Terrorism, defence shields unacceptable to Kazakhstan, says strategic expert

August 27th, 2008 - 10:06 am ICT by ANI  


By Ashok Dixit
Almaty, Aug.27 (ANI): Interactions with several experts, including some from Kazakhstan, reveals a sense and a feeling of dismay among them about the traditional and non-traditional security challenges and threats facing the international community, and particularly the Asia region in the 21st century.
Incidents like 9/11, the wars in Iraq and Afghanistan, the conflict between Russia and Georgia, the resurgence of the Taliban in certain pockets of Afghanistan, the United States and Poland’’s decision to go ahead with plans to set up a defence shield in East Europe and geopolitical concerns in South Asia, has left a majority of them non-plussed, they say.
One such expert was Sanat K. Kushkumbayev, the First Deputy Director of the Kazakhstan Institute for Strategic Studies, who told ANI during an interview that Kazakhstan’’s response to incidents like 9/11 and terror strikes is to wholeheartedly prevent them.
“Terrorism, in whatever form, is not accepted by Kazakhstan. We condemn it in the strongest possible terms. There is no justification for it. We have supported all anti-terrorism initiatives, be it by the United States, or any other country. Kazakhstan’’s support for such initiatives can be assessed by the fact that this country Krygistan allowed the U.S. to use its airspace to reach Afghanistan to tackle the Taliban and Al Qaeda immediately after 9/11. Kazakhstan also has an arrangement with the NATO to provide humanitarian aid. This is a very important part of our ties with the U.S. There are other areas also where we collaborate such as border management, immigration processes and combating drug trafficking,” Kushkumbayev said.
When asked what his view was on Washington and East Europe’’s determination to set up a defence shield in spite of strong opposition from the Russian Federation and a threat to launch nuclear strikes on Poland, Kushkumbayev said this too is unacceptable from the Kazakh point of view, as the feeling is and has always been to promote neutrality, reasoning and consensus.
”We are very concerned with U.S. and NATO policies. We don”t understand the aggression against Iran, against North Korea, actions in Afghanistan and Iraq. But at the same time, we are of the view that the Americans must not withdraw their forces from Iraq, as we anticipate that the situation could take a turn for the worse. The American policy in Asia has to be more clear, clean and transparent. Washington needs to be more flexible in its approach. The objective for all should be to `create a balance of interests, not a balance of forces”,” said Kushkumbayev.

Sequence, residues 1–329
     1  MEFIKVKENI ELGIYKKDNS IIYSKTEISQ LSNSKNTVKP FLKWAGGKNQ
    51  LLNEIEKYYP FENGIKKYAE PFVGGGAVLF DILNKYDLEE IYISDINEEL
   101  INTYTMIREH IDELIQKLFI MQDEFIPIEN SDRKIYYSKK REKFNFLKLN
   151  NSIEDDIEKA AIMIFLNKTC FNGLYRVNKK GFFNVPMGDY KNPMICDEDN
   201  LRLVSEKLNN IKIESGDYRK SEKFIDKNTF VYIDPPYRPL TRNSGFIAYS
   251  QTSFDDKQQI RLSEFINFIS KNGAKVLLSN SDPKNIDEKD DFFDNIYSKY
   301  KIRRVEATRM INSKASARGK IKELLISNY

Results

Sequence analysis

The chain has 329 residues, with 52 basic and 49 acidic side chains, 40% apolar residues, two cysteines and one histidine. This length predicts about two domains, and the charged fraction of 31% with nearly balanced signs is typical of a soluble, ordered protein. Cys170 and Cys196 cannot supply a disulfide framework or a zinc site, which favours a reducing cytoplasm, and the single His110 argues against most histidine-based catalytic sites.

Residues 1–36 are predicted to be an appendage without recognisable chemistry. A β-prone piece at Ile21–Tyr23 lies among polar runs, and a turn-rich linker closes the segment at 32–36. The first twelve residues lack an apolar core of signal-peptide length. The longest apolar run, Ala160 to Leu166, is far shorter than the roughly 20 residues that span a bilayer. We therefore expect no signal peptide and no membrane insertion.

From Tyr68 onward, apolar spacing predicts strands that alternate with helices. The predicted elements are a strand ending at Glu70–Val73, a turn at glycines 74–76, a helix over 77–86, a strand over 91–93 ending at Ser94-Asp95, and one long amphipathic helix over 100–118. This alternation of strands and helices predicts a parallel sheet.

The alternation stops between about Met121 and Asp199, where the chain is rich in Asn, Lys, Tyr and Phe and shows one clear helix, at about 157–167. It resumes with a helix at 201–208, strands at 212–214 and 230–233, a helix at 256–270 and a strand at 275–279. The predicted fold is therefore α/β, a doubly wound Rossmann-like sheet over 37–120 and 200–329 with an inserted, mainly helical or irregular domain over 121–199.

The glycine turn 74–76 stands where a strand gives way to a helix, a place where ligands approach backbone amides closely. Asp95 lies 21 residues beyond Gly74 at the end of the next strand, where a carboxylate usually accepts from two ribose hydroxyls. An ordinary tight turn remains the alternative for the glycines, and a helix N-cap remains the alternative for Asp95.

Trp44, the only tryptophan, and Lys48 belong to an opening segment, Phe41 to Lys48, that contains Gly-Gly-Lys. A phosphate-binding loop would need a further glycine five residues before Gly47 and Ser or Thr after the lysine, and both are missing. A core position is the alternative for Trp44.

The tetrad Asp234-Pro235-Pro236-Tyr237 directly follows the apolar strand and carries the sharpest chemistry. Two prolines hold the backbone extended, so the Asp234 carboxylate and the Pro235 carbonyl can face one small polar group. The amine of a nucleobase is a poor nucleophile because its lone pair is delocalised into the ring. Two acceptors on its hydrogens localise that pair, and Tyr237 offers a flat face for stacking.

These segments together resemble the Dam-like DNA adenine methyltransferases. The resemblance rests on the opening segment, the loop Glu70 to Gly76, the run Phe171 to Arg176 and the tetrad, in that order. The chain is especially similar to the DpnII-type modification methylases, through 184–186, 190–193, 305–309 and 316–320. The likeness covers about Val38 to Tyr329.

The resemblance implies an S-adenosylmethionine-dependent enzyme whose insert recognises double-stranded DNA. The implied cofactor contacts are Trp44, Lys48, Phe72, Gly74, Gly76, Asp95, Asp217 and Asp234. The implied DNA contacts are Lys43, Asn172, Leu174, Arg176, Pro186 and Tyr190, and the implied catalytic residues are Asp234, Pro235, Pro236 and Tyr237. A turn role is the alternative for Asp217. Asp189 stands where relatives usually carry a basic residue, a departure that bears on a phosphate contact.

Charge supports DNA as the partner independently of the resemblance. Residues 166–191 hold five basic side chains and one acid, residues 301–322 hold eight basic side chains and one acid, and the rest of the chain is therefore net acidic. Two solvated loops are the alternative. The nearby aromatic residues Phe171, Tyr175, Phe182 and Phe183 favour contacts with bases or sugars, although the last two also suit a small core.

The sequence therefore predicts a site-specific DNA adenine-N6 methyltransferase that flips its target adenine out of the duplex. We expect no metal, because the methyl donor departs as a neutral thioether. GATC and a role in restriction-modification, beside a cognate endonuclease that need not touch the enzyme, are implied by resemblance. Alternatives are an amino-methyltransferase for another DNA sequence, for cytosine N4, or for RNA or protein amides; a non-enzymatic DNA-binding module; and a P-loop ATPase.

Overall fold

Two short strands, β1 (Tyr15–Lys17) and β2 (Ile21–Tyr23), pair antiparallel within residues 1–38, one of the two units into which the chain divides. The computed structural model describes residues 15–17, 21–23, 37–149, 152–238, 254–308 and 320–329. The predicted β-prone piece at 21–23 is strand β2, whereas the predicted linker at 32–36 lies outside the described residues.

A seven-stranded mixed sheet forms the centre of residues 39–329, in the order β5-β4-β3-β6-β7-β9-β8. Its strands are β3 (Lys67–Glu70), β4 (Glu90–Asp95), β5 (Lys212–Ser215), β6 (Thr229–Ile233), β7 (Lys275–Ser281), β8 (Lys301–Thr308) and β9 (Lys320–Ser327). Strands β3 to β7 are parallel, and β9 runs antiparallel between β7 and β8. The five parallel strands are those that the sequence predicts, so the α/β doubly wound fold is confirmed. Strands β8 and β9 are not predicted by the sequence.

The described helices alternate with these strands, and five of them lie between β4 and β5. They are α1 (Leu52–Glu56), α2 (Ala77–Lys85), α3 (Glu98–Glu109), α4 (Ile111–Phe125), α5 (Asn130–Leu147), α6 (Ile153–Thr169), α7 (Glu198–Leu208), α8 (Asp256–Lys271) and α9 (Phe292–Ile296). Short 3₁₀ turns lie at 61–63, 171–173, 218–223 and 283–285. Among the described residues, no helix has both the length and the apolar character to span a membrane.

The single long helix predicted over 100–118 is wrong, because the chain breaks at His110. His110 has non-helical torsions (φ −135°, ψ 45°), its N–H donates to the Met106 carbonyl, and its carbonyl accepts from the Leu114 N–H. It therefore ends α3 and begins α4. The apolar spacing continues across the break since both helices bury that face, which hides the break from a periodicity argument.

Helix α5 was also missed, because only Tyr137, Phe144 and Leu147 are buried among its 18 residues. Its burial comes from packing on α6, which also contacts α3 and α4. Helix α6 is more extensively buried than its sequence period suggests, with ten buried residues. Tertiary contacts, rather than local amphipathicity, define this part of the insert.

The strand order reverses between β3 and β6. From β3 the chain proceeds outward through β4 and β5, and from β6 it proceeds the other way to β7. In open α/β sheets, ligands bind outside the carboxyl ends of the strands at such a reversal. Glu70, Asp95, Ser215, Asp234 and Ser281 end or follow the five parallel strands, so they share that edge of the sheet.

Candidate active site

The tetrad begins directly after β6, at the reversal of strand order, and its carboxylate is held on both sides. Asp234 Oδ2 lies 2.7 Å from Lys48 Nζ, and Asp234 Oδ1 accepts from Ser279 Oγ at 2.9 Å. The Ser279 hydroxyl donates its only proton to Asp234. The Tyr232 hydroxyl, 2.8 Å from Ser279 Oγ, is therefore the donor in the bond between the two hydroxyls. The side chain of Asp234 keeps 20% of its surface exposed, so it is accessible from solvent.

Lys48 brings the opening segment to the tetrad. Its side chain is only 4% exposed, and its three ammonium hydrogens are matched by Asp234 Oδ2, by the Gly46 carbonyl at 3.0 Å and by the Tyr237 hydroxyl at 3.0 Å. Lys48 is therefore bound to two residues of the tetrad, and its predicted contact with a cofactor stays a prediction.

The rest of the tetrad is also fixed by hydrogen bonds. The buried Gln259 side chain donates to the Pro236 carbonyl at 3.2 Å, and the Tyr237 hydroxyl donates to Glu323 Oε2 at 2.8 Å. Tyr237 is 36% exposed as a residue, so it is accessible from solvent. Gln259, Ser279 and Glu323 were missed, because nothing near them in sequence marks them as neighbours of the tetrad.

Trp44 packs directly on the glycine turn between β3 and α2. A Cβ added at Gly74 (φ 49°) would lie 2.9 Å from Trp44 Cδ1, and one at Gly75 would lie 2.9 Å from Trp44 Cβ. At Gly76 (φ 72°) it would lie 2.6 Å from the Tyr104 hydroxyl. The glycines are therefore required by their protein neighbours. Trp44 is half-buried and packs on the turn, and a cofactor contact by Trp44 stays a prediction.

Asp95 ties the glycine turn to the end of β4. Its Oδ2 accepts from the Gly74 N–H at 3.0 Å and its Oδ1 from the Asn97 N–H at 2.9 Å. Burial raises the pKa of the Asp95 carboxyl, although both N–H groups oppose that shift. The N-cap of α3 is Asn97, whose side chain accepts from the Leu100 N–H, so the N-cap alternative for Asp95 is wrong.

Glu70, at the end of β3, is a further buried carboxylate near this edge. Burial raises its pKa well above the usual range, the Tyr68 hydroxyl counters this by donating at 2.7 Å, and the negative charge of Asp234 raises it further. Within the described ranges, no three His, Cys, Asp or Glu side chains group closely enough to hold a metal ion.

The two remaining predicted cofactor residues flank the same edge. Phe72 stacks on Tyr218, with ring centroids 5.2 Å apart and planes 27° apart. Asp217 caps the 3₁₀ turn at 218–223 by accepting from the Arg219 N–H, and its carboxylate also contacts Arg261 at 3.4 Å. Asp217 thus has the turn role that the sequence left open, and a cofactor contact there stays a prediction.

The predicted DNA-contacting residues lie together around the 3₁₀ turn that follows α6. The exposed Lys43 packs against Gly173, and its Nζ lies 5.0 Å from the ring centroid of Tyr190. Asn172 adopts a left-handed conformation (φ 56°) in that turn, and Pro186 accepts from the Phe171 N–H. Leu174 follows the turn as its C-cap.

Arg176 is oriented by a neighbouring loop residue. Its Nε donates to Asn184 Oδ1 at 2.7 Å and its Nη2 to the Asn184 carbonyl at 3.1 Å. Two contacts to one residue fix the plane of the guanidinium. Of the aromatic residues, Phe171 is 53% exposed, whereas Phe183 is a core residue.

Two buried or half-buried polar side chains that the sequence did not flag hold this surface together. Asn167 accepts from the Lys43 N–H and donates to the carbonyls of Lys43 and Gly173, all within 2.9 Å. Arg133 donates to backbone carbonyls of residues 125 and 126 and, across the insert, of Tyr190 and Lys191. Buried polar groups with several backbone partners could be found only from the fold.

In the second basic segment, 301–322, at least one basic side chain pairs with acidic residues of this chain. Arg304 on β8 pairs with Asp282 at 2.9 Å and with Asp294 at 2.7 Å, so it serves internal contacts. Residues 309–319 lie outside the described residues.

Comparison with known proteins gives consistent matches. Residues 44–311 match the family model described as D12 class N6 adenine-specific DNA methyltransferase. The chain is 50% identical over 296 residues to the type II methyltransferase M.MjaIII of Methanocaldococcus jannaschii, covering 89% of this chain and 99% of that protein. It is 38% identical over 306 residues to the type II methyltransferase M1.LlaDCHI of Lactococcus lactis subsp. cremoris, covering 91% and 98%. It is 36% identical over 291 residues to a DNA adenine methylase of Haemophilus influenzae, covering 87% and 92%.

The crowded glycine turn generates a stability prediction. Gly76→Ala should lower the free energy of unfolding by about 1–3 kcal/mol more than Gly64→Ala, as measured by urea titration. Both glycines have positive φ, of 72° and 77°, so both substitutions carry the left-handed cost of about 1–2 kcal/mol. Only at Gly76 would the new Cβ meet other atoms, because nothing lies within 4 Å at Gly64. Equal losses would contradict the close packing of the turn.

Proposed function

Asked about US responses to the emergence of regional institutions in Asia like the Shanghai Cooperation (SCO) and the Conference on Interaction and Confidence Building Measures in Asia (CICA), he said Washington is seeing these as blocs threatening its super power status, a view that is incorrect. Each of these institutions had a distinct character and purpose, and member states were keen to promote initiatives against terrorism and separatism and replace them with development-related goals.
As far as the SCO is concerned, Kushkumbayev said it has twin objectives development of the Asian economy and ensuring security of the region from external threats. As far as Kazakhstan, Ukraine, Tajikistan and Azerbaijan are concerned, they seek and are eager for partnerships that serve the cause of peace and stability, he further said.
“We would like to diversify our contacts in the field of security. We have a small military unit whose responsibility is to help Kazakhstan’’s partners in their time of need. We are proud of this partnership,” Kushkumbayev said.
On whether he foresaw this model being adopted in other parts of Asia, he said: ”Of course, there is some difference. Take Turkmenistan for instance, it maintains absolute neutrality. Krygistan and Tajikistan are more close to Kazakhstan, more oriented towards promoting balance. Uzbekistan would be welcomed into our fold, if it stops wavering in its political leanings. We can think of moving closer to China and Russia, but as a whole entity.
In summing up the Kazakh view, Kushkumbayev said his country and government believed in bringing nations together. Domestically, Kazakhstan possessed multi-cultural and multi-national features. It espoused a combination of ethnic stability, tolerance, religious freedoms and economic prosperity. Such was not the case in the Soviet Era, he said, adding that at that time, curbs were placed on types of worship, too much attention was paid to a particular kind of nationalism, ethnic differences prevailed and this meant “different systems of confessions”, there was a promotion of a synthetic culture, an artificial nationality.
In the post-Soviet period, the pace of change was rapid. Citizens of the Central Asian republics felt a pride in being citizens of their respective countries, identity on the basis of ethnicity was discouraged, religion became a private affair rather than a state affair and civic loyalty was given preference. Kushkumbayev concludes that this strategy allowed Kazakhs to “avoid the religious cataclysms taking place in other parts of the world”. (ANI)

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